WordPress abandons Internet Explorer – 4.8 will not have support for IE 8, 9 & 10
I still remember when I first got my hands on the internet. My Intel Pentium 4 had just one browser; Internet Explorer. It started in 1995 with just one mission; to knock Netscape Navigator off their perch. After just 4 years, Internet Explorer became the most popular internet browser in the world. By 2005, 95% of people browsing the internet were using Internet Explorer.
Now, it’s no longer the most popular browser in use, but it’s still important enough.
For a couple of months now, the Core Contributors at WordPress has been discussing browser support to set technical requirements for their editor.
As a result, Matt Mullenweg, over the weekend, announced that WordPress 4.8 will no longer support Internet Explorer 8, 9 and 10 and that continuing to support these versions will only hinder the development of WordPress.
This decision was highly influenced by the fact that Microsoft itself announced that they will discontinue their support for the legacy versions. It means that these versions will no longer receive security and other updates.
Mullenweg understands that people who are using these obsolete browsers are stuck with them because of things that are out of their control. But he also understands that these users constitute about 1% or 3% of the entire users.
According to StatCounter’s GlobalStats, not more than 0.41% of the users use Internet Explorer 8. Here are the stats for other versions:
- IE9: 0.26%
- IE10: 0.26%
- IE11: 3.79%
The fact that WordPress will not support Internet Explorer doesn’t mean that it will stop working on the browser. However, the 4.8 and the later versions will stop testing new features with Internet Explorer.
The decision can also be supported with the fact that IE’s usage has dropped from 7.44% to 4.88% within a year. The market share paints a picture of despair as it continues to fall with the increase of mobile usage. In fact, 2016 was the first year where mobile usage outdid desktop usage, shrinking IE’s market share even more as compared to previous years.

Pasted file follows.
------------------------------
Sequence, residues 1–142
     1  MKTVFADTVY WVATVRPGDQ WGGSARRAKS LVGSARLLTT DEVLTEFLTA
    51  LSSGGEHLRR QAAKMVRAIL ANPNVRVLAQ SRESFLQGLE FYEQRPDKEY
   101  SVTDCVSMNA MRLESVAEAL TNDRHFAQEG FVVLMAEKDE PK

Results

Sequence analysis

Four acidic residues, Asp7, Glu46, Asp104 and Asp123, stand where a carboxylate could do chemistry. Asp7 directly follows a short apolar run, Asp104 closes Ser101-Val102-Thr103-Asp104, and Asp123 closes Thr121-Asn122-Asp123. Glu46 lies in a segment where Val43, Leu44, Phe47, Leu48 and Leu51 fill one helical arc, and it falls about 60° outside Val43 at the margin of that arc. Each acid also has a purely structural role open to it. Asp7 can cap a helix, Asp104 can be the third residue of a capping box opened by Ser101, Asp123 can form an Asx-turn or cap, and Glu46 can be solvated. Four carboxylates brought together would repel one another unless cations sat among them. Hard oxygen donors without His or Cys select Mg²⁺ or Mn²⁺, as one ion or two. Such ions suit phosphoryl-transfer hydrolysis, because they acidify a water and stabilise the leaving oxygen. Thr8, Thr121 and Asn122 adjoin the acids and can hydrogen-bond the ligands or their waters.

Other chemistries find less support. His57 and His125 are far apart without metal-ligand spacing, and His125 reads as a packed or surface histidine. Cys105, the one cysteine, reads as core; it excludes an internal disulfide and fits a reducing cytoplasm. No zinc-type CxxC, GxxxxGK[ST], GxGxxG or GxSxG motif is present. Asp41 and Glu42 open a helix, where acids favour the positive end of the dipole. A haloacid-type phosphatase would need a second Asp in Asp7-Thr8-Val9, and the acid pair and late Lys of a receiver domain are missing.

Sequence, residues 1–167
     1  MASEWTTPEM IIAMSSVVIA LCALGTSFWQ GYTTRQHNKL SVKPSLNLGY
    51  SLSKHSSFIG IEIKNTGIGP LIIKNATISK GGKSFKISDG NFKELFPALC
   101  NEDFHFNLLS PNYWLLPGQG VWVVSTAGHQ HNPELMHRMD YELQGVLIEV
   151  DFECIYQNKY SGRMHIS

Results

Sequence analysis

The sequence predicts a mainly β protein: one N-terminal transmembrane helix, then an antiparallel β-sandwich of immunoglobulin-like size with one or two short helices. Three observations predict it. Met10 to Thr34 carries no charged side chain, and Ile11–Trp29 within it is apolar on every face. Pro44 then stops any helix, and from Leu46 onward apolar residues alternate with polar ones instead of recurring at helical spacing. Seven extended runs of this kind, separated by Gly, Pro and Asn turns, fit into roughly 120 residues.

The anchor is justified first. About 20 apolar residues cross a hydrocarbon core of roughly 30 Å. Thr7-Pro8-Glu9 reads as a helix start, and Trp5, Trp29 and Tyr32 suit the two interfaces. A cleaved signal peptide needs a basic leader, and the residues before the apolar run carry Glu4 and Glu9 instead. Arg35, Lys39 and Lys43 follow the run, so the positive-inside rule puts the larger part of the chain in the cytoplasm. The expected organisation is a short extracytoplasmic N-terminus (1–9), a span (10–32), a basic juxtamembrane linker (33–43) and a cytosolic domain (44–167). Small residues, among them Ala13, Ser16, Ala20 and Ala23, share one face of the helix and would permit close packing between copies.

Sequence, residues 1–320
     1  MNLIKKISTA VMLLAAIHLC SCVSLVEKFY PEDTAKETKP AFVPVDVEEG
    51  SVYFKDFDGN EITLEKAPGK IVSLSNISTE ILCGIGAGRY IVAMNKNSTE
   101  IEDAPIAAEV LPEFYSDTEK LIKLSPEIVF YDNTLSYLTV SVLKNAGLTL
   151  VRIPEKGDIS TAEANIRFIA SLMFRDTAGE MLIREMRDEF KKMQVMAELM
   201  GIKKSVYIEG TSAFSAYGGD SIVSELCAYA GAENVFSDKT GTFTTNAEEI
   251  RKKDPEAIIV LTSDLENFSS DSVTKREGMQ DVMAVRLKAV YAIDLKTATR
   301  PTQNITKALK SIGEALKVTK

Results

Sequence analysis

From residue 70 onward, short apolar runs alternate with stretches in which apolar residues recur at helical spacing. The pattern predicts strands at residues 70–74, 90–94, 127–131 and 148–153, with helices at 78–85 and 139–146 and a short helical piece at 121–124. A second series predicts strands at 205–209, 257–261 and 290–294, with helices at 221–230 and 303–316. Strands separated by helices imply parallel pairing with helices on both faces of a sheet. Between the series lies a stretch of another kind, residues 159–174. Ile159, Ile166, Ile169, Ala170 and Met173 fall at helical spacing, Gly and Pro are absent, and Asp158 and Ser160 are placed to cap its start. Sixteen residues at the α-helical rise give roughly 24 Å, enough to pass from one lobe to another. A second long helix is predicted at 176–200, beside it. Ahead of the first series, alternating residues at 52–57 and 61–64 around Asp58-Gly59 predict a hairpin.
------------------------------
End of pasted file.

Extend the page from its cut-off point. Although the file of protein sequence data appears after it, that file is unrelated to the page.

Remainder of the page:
The WordPress developers community also had a strong influence behind this decision. They supported the notion that focusing energy towards browsers that are still receiving security updates is a better option for open-source contributors.
From a giant in the industry to a sidelined, obsolete browser, Internet Explorer has been a victim of the unforgiving dynamic environment. The architect of its own downfall, Internet Explorer is now only remembered by the generation of 1990s and the early 2000s. Microsoft has already replaced its once flagship browser with that of Microsoft Edge, that is only available on Windows 10.
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Moeez is ‘The’ blogger in charge of WPblog. He loves to interact and learn about WordPress with people in the WordPress community. Outside his work life, Moeez spends time hanging out with his friends, playing Xbox and watching football on the weekends. You can get in touch with him at moeez[at]wpblog.com.